During a discussion on the war on the intelligence community being waged by the Donald Trump’s White House, CNN host Victor Blackwell stated that sources speaking with the network stated that the intel official who briefed lawmakers for both parties on new efforts by Russia to meddle in U.S. elections could be on the way out.
Speaking with contributor Lynn Sweet, Blackwell asked about the so-called “purge” being conducted by the White House.
“It sends the signal once again that President Trump is not a respecter of the United States intelligence services with the bigger issue that a permanent director has not been in that office since last summer when Dan Coates was forced out,” Sweet explained. “This is a key position, subject to Senate confirmation and Trump hasn’t seen fit to have a permanent director for months now.”
“Now, post-impeachment, you also have the issue of whether or not part of his [Richard Grenell’s] role there it is to oversee a purge of people who are not seen as Trump loyalists,” she continued. “All of which goes to the heart of United States intelligence mission which is to get and gather information in a nonpartisan way to brief partisan officials to base their policy decisions on.”
“That’s exactly what Shelby Pierson was doing,” Blackwell said, describing the official who briefed the lawmakers on new Russian overtures. “She is the — this position was just created, she’s the person to oversee election security, going to brief members on the House Intelligence Committee about their assessment that Russia is interfering in the 2020 election. That they have a preference for President Trump.”
“What we’ve learned from sources is that inside the office of the Director of National Intelligence is she could be next to be pushed out of the office,” he added. “What’s the impact of getting rid of that person as we’re about eight months out from elections?”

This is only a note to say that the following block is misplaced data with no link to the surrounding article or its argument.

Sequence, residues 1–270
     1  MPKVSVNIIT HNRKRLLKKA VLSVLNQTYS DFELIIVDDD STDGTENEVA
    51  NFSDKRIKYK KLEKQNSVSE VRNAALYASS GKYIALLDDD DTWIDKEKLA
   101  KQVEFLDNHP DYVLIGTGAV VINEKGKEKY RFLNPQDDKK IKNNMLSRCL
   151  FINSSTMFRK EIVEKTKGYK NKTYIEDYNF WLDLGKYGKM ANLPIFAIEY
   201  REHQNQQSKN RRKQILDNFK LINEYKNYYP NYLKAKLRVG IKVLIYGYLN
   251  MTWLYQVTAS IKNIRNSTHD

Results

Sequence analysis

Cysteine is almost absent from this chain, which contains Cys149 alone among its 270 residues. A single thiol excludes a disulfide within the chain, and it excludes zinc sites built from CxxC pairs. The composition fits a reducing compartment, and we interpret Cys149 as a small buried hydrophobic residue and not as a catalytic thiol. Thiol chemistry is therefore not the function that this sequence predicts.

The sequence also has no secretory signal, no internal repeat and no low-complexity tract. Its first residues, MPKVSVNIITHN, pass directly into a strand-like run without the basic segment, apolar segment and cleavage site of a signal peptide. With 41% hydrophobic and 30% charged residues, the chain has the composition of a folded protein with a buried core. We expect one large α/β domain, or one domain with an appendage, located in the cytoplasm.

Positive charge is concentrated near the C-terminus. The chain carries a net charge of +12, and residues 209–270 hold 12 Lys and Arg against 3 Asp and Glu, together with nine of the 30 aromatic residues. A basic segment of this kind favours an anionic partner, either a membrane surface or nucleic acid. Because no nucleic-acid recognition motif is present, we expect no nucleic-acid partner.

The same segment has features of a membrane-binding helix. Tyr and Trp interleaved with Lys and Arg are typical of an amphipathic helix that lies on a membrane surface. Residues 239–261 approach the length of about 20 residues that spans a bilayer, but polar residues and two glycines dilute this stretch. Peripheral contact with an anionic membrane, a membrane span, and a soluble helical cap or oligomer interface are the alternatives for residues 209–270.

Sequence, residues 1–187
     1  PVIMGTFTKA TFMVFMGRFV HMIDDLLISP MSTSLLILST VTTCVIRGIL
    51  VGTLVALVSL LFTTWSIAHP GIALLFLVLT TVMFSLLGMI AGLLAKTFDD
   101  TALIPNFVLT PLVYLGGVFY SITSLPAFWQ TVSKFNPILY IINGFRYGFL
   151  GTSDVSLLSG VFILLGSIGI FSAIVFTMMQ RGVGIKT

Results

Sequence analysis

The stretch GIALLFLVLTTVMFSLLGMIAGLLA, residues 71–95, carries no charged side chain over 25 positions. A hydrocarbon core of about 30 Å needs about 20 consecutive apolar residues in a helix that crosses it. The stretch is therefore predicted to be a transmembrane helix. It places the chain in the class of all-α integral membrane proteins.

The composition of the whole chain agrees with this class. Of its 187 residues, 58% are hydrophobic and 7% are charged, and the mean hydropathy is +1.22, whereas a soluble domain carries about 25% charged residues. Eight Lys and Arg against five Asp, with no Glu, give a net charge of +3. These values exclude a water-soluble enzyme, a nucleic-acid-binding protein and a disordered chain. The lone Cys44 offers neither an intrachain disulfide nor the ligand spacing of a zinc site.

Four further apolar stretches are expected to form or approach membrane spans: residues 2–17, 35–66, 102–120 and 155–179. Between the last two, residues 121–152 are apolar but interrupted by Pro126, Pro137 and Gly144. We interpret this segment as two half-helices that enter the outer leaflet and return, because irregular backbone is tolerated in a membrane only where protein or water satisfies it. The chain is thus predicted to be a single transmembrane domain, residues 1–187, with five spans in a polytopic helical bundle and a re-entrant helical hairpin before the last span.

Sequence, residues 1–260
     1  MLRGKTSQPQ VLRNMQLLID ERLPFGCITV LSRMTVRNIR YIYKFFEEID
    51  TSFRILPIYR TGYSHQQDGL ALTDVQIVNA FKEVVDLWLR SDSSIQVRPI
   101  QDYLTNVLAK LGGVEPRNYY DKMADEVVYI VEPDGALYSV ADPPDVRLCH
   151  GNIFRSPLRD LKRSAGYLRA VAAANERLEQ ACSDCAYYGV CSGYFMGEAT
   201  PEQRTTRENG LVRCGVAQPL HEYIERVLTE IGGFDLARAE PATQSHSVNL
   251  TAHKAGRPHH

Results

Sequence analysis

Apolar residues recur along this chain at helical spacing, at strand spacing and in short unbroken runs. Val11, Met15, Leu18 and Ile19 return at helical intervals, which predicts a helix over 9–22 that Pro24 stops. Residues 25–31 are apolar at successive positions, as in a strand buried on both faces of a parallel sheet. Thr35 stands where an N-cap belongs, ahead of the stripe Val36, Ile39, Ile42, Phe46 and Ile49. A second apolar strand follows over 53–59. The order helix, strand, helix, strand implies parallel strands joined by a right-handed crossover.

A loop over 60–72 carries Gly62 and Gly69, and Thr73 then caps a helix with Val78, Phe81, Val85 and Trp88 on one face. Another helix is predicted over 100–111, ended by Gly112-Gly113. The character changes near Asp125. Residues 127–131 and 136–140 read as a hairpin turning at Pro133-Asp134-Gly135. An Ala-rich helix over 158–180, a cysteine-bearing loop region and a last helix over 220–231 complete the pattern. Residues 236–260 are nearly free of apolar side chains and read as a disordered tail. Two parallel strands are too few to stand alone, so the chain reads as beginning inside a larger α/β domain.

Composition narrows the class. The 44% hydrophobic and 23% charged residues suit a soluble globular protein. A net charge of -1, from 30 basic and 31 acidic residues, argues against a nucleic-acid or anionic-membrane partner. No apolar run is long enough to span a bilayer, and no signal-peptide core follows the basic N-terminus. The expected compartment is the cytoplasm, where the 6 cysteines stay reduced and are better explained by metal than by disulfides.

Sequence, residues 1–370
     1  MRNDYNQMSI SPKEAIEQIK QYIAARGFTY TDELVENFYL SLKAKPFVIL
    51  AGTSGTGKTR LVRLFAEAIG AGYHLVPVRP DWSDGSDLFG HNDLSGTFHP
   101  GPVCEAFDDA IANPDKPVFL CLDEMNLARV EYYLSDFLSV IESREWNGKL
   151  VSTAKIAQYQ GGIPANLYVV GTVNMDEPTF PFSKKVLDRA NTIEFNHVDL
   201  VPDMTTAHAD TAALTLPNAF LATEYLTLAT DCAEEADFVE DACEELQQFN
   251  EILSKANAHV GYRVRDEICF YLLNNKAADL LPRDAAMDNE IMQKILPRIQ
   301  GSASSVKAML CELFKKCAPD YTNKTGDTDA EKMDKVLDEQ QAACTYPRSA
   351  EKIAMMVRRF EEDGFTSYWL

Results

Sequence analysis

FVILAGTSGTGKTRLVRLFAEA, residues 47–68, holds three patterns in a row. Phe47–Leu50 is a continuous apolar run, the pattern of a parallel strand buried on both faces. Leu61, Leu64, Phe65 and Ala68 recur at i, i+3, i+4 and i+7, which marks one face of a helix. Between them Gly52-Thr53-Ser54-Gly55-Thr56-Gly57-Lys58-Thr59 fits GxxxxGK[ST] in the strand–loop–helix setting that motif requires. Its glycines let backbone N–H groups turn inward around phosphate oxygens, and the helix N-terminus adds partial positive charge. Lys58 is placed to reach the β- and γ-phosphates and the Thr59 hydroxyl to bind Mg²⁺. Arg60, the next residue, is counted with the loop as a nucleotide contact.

“It is two levels of answers here, Victor,” Sweet replied. “One, you’re getting rid of a seasoned professional in what would seem like a retaliatory act for putting forth intelligence you don’t like. Again, it goes to the core of what intelligence is for: just to get unvarnished information. If, indeed, she’s presiding over election security issues, that’s the intelligence community needs to be on top of if she does leave. Will the mission still be carried out when election security is a top priority of the United States?”
Trump gambling his presidency on a voting group that may no longer exist
President Donald Trump is betting that his law-and-order scare tactics will energize white suburban voters -- but that demographic may no longer exist as it once did.
The president remains popular in rural areas, and he won over suburban voters by 4 percent in 2016, and Trump and his Republican allies are betting he can turn out non-college educated whites who may be disgusted by police violence but don't support protests, reported Politico.
“There’s a lot of concern about the way the Minneapolis police acted,” said former Rep. Tom Davis, a seven-term Republican from the northern Virginia suburbs. “But whenever you start looting — and now the stuff’s spread out to Leesburg, it’s in Manassas … the politics takes a different turn.”
‘One racist down. Hundreds in office to go’: Applause as Steve King is ousted in Iowa primary
"Goodbye, Rep. Steve King. You are certainly not the only white supremacist in federal government, but you were among the most prominent," tweeted Rep. Alexandria Ocasio-Cortez.
While acknowledging that the important work of ridding Congress of racist lawmakers is far from finished, progressives celebrated the ouster of white supremacist Rep. Steve King in Iowa's Republican primary Tuesday as a significant victory and a step in the right direction.
Amid pandemic, White House race becomes digital dogfight
The 2020 US presidential race is becoming a digital-first campaign as the coronavirus pandemic cuts candidates off from traditional organizing and in-person events.
On the surface, President Donald Trump has the edge over Democrat Joe Biden because of the incumbent's extensive digital infrastructure and large social media following.
But Biden has been stepping up his digital presence and is getting a boost from a handful of outside organizations seeking to counter Trump's messaging on social platforms.
Both sides agree that digital will play a critical role in the 2020 White House race as social media have taken the place of rallies and door-to-door campaigning.